The World Bank has said that India is allowed to construct hydroelectric power plants on the Jhelum and Chenab Rivers after secretary-level discussions between India and pakistan on the technical issues over the Indus Waters Treaty concluded recently in a spirit of goodwill and cooperation.


What the disagreement is about:

India and Pakistan disagree about the construction of the Kishenganga (330 megawatts) and Ratle (850 megawatts) hydroelectric power plants being built by India (the World Bank is not financing either project).  The two countries disagree over whether the technical design features of the two hydroelectric plants contravene the Treaty. The plants are on respectively a tributary of the Jhelum and the Chenab Rivers. The Treaty designates these two rivers as well as the Indus as the “Western Rivers” to which Pakistan has unrestricted use. Among other uses, India is permitted to construct hydroelectric power facilities on these rivers subject to constraints specified in Annexures to the Treaty.



Pakistan had approached the World Bank last year, raising concerns over the designs of two hydroelectricity projects located in Jammu and Kashmir. It had demanded that the World Bank, which is the mediator between the two countries under the 57-year-old water distribution pact, set up a court of arbitration to look into its concerns.

  • On the other hand, India had asked for the appointment of a neutral expert to look into the issues, contending the concerns Pakistan raised were “technical” ones.
  • Following this, the international lender had in November 2016 initiated two simultaneous processes — for appointing neutral expert and establishment of court of arbitration to look into technical differences between the two countries in connection with the projects.
  • The simultaneous processes, however, were halted after India objected to it. After that, representatives of the World Bank held talks with India and Pakistan to find a way out separately.


What is the Indus Water Treaty (IWT)?

The six rivers of the Indus basin originate in Tibet and flow across the Himalayan ranges to end in the Arabian sea south of Karachi. The components of the treaty were fairly simple. The three western rivers (Jhelum, Chenab and Indus) were allocated to Pakistan while India was given control over the three eastern rivers (Ravi, Beas and Sutlej). While India could use the western rivers for consumption purpose, restrictions were placed on building of storage systems. The treaty states that aside of certain specific cases, no storage and irrigation systems can be built by India on the western rivers.


Sources: et.

Paper 3:

Topic: Major crops cropping patterns in various parts of the country, different types of irrigation and irrigation systems storage, transport and marketing of agricultural produce and issues and related constraints; e-technology in the aid of farmers.


Govt launches e-RaKAM portal for selling agri produce


The government has launched a portal, e-RaKAM, to provide a platform to sell agricultural produce.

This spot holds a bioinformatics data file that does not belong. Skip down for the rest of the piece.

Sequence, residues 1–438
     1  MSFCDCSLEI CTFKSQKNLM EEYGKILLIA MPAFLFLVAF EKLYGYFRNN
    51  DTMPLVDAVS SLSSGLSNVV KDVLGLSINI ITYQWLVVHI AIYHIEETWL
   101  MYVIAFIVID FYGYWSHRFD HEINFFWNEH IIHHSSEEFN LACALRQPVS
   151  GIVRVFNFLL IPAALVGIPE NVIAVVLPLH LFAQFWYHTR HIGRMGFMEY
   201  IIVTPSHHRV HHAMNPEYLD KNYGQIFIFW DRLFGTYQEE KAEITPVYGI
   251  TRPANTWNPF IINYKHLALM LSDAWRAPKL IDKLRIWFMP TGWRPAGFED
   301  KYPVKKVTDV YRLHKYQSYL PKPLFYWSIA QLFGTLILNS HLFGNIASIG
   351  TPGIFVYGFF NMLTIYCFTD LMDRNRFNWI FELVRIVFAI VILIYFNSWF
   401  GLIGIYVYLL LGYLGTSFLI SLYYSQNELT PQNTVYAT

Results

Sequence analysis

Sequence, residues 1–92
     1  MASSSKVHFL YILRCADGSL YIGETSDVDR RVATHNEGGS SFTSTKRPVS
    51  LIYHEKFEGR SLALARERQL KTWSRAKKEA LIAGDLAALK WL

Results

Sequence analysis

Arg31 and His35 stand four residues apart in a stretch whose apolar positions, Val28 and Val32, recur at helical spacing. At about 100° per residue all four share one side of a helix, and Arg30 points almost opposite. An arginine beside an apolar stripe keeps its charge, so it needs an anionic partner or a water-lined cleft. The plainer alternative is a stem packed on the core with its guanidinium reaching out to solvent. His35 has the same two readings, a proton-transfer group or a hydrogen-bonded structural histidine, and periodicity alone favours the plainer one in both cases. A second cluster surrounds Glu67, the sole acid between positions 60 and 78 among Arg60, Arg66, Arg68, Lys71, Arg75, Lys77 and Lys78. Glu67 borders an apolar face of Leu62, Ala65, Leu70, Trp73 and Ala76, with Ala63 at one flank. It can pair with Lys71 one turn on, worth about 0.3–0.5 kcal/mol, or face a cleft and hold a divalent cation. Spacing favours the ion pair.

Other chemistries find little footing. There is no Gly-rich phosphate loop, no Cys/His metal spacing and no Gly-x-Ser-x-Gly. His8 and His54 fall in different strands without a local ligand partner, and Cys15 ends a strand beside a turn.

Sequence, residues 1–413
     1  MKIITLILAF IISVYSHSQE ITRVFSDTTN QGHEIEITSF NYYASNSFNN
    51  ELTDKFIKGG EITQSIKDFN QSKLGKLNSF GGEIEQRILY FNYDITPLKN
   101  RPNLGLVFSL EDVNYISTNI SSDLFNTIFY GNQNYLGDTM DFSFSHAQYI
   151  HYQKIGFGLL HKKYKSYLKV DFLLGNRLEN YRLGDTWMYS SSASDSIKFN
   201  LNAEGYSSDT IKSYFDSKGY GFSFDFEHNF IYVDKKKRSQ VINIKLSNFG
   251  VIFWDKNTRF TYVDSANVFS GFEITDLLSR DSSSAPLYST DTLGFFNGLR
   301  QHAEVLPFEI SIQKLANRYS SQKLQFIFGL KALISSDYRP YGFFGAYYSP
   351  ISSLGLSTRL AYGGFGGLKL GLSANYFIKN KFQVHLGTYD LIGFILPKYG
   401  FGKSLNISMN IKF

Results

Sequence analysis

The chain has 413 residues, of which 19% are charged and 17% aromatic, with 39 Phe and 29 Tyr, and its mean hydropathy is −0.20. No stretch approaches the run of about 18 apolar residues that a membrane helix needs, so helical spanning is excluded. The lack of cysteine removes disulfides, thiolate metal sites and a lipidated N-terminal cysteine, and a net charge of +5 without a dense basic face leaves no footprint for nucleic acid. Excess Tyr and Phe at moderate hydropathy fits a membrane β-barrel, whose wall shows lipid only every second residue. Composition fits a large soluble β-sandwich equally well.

Key facts:

E-RaKAM is a first-of-its-kind initiative that leverages technology to connect farmers of the smallest villages to the biggest markets of the world through internet and e-RaKAM centres.

  • The portal is a joint initiative by state-run-auctioneer MSTC and Central Warehousing Corporation arm CRWC.
  • E-RaKAM is developed by MSTC Limited and supported by marketing & logistics partner CRWC Limited.
  • E-RaKAM is a digital initiative bringing together the farmers, FPOs, PSUs, civil supplies and buyers on a single platform to ease the selling and buying process of agricultural products.
  • Under this initiative, e-RaKAM centres are being developed in a phased manner throughout the country to facilitate farmers for online sale of their produce.


Sources: pib.


Topic: Major crops cropping patterns in various parts of the country, different types of irrigation and irrigation systems storage, transport and marketing of agricultural produce and issues and related constraints; e-technology in the aid of farmers.


Rising temperatures drive up farmer suicides in India: U.S. study

temperature rise


According to a research report from the University of California, Climate change may have led to over 59,000 farmer suicides over the last 30 years in India.

  • The study tested the link between climate change, crop yields and suicide by comparing the number of suicides across India between 1967 and 2013 with crop yield and climate data. Data on suicides were collected from the National Crime Records Bureau.
  • The study was carried out using data for all States and Union Territories. However, the study has several limitations, though, including the fact that it has not looked at other factors that could have contributed to suicides.


Highlights of the study:

  • The increase in temperature during the cropping season reduces crop yields, resulting in increased suicides. Even a 1°C increase in temperature above 20° C in a single day during the crop growing season results in about 70 suicides on average. Similar increase in temperature during other seasons did not result in a rise in suicides.
  • Crop losses due to heat damage cause additional burden on farming households and this at times leads to suicides. An increase in rainfall by 1 cm during the growing season leads to a decrease of about 0.8 deaths per 100,000, thus lowering the suicide rate by 7% on average, she writes.
  • The effect of climate variation reveals that past growing season temperature strongly influences suicide rates in the following years up to about five years. For instance, when there is abundant rainfall during one growing season, the suicide rates dip for the next two or three years. Drought apparently does not seem to have any effect on suicide rates.
  • South India, which is generally hotter, has higher farmer suicide rates. States where the yields are more affected by high temperatures are also the States which report higher suicide rates. Maharashtra, Karnataka, Tamil Nadu, and Andhra Pradesh not only show severe suicide responses to temperature but crop yield is also more negatively affected by higher temperature.